Paper Economy - A US Real Estate Bubble Blog

Friday, December 30, 2011

Fannie Mae Delinquencies: November 2011

The latest release of the Fannie Mae Monthly Summary indicated that total serious single family delinquency went flat in November while remaining at distressed levels.

In November, 3.13% of non-credit enhanced loans went seriously delinquent while the level was 9.32% of credit enhanced loans resulting in an overall total single family delinquency of 4%.

The following charts (click for larger ultra-dynamic and surf-able chart) show what Fannie Mae terms the count of “Seriously Delinquent” loans as a percentage of all loans on their books.

It’s important to understand that Fannie Mae does NOT segregate foreclosures from delinquent loans when reporting these numbers.


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Kansas City Fed Manufacturing Survey: December 2011

The Federal Reserve Bank of Kansas City, like other district FRBs (New York, Philadelphia, Richmond and Dallas), tracks its region’s manufacturing activity by surveying a number of important indicators such as general activity, production, shipments, orders, employment and prices for raw materials and finished products.

The latest results are indicating that the manufacturing activity fell to a contraction level of -4 in December with virtually every component measure turning negative while prices paid for raw materials increased notably to 28.

It's important to note that although this data-set has a history that only runs as far back as mid-2001, the composite index never fell below 10 during the "recovery" that followed the tech-wreck of the early aughts.

Today, we see the composite index not only remaining depressed but actually turning notably negative, clearly indicating the internal weakness of our current economic expansion and possibly presenting a strong signal of recession to come.

The following chart plots the seasonally adjusted Composite index since 2001 with the solid red line indicating the threshold between expansion and contraction.

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Pending Home Sales: November 2011

Yesterday, the National Association of Realtors (NAR) released their Pending Home Sales Report for November showing that home sales increased with the seasonally adjusted national index jumping a notable 7.3% since October and increasing 5.93% above the level seen in November 2010.

Meanwhile, the NARs chief economist Lawrence Yun suggests that the rice in contract activity should portend an equivalent rise to existing home sales though purchase failures have been running unusually high.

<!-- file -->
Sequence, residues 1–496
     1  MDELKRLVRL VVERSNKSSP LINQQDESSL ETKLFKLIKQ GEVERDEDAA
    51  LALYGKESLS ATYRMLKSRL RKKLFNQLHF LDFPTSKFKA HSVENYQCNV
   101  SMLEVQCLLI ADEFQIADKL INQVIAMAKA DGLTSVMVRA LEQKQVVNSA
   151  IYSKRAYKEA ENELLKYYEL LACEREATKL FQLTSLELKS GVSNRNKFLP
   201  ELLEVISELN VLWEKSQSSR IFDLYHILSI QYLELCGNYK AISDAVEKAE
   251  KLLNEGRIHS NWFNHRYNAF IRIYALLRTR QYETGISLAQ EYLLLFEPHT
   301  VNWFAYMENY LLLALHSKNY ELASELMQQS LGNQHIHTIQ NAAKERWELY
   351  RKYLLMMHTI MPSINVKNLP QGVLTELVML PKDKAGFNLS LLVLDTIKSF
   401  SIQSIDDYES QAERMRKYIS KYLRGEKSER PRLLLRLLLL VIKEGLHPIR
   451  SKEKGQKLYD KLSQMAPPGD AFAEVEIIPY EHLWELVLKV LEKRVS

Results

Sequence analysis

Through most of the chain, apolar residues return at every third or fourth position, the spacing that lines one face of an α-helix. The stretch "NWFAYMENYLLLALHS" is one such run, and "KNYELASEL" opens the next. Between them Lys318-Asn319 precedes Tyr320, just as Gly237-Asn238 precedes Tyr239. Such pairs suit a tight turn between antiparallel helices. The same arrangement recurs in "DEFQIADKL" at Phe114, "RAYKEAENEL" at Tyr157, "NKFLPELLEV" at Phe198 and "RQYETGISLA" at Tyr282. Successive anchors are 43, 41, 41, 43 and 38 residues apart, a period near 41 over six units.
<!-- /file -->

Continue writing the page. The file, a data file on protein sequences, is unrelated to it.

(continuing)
"Housing affordability conditions are at a record high and there is a pent-up demand from buyers who’ve been on the sidelines, but contract failures have been running unusually high... November is doing reasonably well in comparison with the past year. The sustained rise in contract activity suggests that closed existing-home sales, which are the important final economic impact figures, should continue to improve in the months ahead,..."

Also, it's important to note that the NAR reports that the pending home sales numbers were apparently not affected by the recent and dramatic existing home sales benchmark revisions.

"Pending home sales are not affected by the recently published rebenchmarking of existing-home sales because the index uses a different methodology based directly on contract signings, and is adjusted for seasonality."

The following chart shows the seasonally adjusted national pending home sales index along with the percent change on a year-over-year basis as well as the percent change from the peak set in 2005 (click for larger version).

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Extended Unemployment: Initial, Continued and Extended Unemployment Claims December 29 2011

Yesterday’s jobless claims report showed increases to both initial and continued unemployment claims as seasonally adjusted initial claims remained below the 400K level for the fourth consecutive week.

Seasonally adjusted “initial” unemployment increased 15,000 to 381,000 claims from last week’s revised 366,000 claims while seasonally adjusted “continued” claims increased by 34,000 resulting in an “insured” unemployment rate of 2.8%.

Since the middle of 2008 though, two federal government sponsored “extended” unemployment benefit programs (the “extended benefits” and “EUC 2008” from recent legislation) have been picking up claimants that have fallen off of the traditional unemployment benefits rolls.

Currently there are some 3.49 million people receiving federal “extended” unemployment benefits.

Taken together with the latest 3.62 million people that are currently counted as receiving traditional continued unemployment benefits, there are 7.12 million people on state and federal unemployment rolls.


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Wednesday, December 28, 2011

The Federal Reserve Bank of Dallas Texas Manufacturing Outlook Survey: December 2011

Yesterday, the Federal Reserve Bank of Dallas released their latest read on manufacturing in their region indicating that manufacturing activity worsened slightly with the current general business activity index declining to a contraction level of -3 while the future general business activity index increased to 10.3.

These results are coming, more or less, inline with the other regional manufacturing survey all indicating that business activity has slowed sharply in 2011 and may possibly indicate recession is upon us.

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The Richmond Fed Survey of Manufacturing Activity: December 2011

Yesterday, the Federal Reserve Bank of Richmond released their Survey of Manufacturing Activity for December showing that the composite index, the broadest measure of manufacturing activity, improved 3 points to a weak level of 3.

The most notable component measures also showed similar results with the new orders improving to 7, shipments increasing to 3 and backlog of orders climbing to a weak 1.